Jonathan Frid portrays a horror novelist who has a recurring nightmare about three figures out of his book who terrorize him and his family and friends during a weekend of fun. Then the ... See full summary »
The final movie in Oliver Stone's Vietnam trilogy follows the true story of a Vietnamese village girl who survives a life of suffering and hardship during and after the Vietnam war. As a freedom fighter, a hustler, young mother, a sometime prostitute, and the wife of a US. marine, the girl's relationships with men suggests an analogy of Vietnam as Woman and the U.S. as Man.Written by
Keith Loh <email@example.com>
Oliver Stone stated this is his favorite movie despite the failure at the box office. This comment was made during a Q&A at the Future of Freedom Foundation Conference telecast on CSPAN3, recorded 6/3/2017. See more »
When Steve picks up Le Ly and her kids when the south is being overrun, he flies in on an Army helicopter, despite the fact that him and his friends are all in the Marines. See more »
[after nearly killing Le with his gun after an argument]
I can't! I can't live without you! They got me so tied up.
Who's doing this to you?
The Marine Corps. I'm not going to get the civilian job I promised you. I'm up for an Admin Board, and they're going to kick me out. You don't know the half of it, darling. You don't know the half of it.
Tell me. You must tell me all. You'll feel better.
I'm a killer, baby. I killed so many over there. I got so good at it they assigned me to the projects. ...
[...] See more »
The UK cinema and video release has been cut by 55 seconds to obtain a "15" rather than an "18" certificate. Numerous scenes are affected, particularly the rape and torture shots.
In Ireland, the uncut version also initially earned an 18. It was resubmitted in its cut British version which yet again earned an 18 - this decision was then taken to the Films Appeal Board, who lowered the certificate to a 15 on 16th February 1994. See more »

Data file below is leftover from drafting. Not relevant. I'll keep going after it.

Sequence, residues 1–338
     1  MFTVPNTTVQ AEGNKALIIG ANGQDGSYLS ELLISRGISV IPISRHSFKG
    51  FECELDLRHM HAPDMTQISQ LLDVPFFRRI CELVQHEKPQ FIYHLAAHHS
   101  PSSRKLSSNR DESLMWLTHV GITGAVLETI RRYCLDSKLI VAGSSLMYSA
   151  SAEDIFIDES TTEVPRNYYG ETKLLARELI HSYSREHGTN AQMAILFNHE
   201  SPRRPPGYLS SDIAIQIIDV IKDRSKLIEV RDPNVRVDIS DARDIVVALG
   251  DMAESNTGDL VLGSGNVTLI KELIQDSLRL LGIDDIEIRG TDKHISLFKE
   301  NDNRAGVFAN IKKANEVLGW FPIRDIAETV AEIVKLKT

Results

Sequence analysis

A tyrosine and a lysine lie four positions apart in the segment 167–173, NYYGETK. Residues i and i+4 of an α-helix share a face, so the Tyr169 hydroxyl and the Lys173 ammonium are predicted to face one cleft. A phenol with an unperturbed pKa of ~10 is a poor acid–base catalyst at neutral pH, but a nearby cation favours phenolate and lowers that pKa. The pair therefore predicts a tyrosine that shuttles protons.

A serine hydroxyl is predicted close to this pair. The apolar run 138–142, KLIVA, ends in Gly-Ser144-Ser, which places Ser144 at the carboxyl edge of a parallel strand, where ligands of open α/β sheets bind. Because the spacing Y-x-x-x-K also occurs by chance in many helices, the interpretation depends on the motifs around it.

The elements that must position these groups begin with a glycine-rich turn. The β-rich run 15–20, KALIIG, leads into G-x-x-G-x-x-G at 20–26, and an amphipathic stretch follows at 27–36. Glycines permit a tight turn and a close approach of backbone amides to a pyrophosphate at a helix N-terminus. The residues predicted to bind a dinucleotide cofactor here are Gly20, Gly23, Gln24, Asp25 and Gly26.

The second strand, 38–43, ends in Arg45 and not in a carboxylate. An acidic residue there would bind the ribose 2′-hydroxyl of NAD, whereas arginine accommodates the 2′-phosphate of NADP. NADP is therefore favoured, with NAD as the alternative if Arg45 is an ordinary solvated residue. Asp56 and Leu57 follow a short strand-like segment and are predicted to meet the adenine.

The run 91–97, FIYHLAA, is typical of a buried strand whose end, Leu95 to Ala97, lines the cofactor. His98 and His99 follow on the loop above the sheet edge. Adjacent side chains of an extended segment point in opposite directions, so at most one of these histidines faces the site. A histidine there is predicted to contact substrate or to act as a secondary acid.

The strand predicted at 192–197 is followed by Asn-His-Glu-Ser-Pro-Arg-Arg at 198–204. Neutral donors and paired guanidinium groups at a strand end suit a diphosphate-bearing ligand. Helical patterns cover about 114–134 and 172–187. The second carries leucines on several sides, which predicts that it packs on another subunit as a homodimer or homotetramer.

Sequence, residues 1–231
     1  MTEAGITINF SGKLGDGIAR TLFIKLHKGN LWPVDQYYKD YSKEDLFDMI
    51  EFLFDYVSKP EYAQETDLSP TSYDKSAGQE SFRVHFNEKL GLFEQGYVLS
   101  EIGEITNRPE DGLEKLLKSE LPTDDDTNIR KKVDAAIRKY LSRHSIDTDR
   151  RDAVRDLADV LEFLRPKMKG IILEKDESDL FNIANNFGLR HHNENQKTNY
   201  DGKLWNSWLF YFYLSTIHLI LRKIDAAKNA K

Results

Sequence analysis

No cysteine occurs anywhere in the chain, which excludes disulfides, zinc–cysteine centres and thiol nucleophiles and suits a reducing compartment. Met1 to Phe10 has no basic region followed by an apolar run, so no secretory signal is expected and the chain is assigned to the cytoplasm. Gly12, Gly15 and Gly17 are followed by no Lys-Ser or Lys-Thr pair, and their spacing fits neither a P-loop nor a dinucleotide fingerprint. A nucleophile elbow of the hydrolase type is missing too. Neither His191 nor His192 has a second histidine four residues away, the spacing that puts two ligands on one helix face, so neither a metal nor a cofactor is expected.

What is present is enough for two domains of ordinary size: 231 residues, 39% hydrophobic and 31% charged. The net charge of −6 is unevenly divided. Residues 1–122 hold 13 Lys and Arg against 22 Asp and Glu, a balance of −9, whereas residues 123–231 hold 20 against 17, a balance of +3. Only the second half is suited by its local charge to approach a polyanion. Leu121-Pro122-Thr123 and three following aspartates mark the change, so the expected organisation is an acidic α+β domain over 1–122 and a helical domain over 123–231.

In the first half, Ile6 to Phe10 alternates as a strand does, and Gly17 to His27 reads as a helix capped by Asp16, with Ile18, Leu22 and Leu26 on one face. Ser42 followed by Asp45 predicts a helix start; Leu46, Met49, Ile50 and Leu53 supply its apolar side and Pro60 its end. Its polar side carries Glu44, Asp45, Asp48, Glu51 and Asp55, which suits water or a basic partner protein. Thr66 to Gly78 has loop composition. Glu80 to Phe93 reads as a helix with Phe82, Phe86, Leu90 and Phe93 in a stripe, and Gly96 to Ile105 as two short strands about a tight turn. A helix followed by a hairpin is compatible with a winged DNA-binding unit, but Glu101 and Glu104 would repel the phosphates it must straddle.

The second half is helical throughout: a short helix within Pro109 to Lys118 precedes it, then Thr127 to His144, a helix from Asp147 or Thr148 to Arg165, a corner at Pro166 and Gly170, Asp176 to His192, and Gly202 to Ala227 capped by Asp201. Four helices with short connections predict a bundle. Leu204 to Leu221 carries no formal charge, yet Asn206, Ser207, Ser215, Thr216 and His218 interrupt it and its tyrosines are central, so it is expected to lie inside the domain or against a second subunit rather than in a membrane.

I don't understand why most people don't appreciate this movie. I guess one reason is that it's not easy to look at your own people, US soldiers, as enemies, or at your country - in the final - as the land of fatty meaninglessnes. Or maybe they were expecting something different from Stone, something more than that history - not so unusual as someone observed - of a simple vietnamese country girl. The point, for me, is that this is not a film about the vietnam war, which is only the background. If you make the effort to forget the vietnam war, its historical and cultural legacy, to avoid being on the side of one of the armies (maybe is easier for me, being an italian), you'll discover one of the most intense movie about the family and the bonds with the earth where you belong. Stone through the story of this simple girl succeeded in telling the story of entire humankind, analizing those which are its roots, its ties, its hopes, its condemnations. Honestly, one of the best movies I've ever seen. Sincere, profound, touching. True.
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